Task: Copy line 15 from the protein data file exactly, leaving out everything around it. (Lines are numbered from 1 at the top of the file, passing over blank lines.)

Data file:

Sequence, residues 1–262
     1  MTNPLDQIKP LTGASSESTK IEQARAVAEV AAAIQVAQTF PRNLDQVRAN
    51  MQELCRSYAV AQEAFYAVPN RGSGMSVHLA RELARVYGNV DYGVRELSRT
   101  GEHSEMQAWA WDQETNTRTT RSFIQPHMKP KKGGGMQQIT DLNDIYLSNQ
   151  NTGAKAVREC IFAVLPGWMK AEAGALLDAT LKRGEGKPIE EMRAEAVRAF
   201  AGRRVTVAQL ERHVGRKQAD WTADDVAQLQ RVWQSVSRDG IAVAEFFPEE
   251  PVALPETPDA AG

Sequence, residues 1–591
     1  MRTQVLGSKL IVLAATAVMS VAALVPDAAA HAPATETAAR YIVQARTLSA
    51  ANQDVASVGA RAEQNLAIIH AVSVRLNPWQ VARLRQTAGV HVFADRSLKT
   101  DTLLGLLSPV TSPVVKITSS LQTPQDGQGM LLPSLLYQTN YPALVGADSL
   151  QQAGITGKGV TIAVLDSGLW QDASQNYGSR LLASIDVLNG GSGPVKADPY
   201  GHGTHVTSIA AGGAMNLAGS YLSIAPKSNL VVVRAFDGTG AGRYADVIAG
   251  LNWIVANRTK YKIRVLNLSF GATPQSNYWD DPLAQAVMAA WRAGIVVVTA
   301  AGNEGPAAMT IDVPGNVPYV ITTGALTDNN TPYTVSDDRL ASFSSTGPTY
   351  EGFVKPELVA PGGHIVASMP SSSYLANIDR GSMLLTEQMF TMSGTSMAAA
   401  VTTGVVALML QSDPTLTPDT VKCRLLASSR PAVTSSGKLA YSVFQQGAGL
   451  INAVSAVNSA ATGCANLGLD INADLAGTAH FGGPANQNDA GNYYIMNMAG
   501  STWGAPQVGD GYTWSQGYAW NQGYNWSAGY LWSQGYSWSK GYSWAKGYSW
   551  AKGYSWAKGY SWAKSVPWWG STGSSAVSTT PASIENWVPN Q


   301  AGNEGPAAMT IDVPGNVPYV ITTGALTDNN TPYTVSDDRL ASFSSTGPTY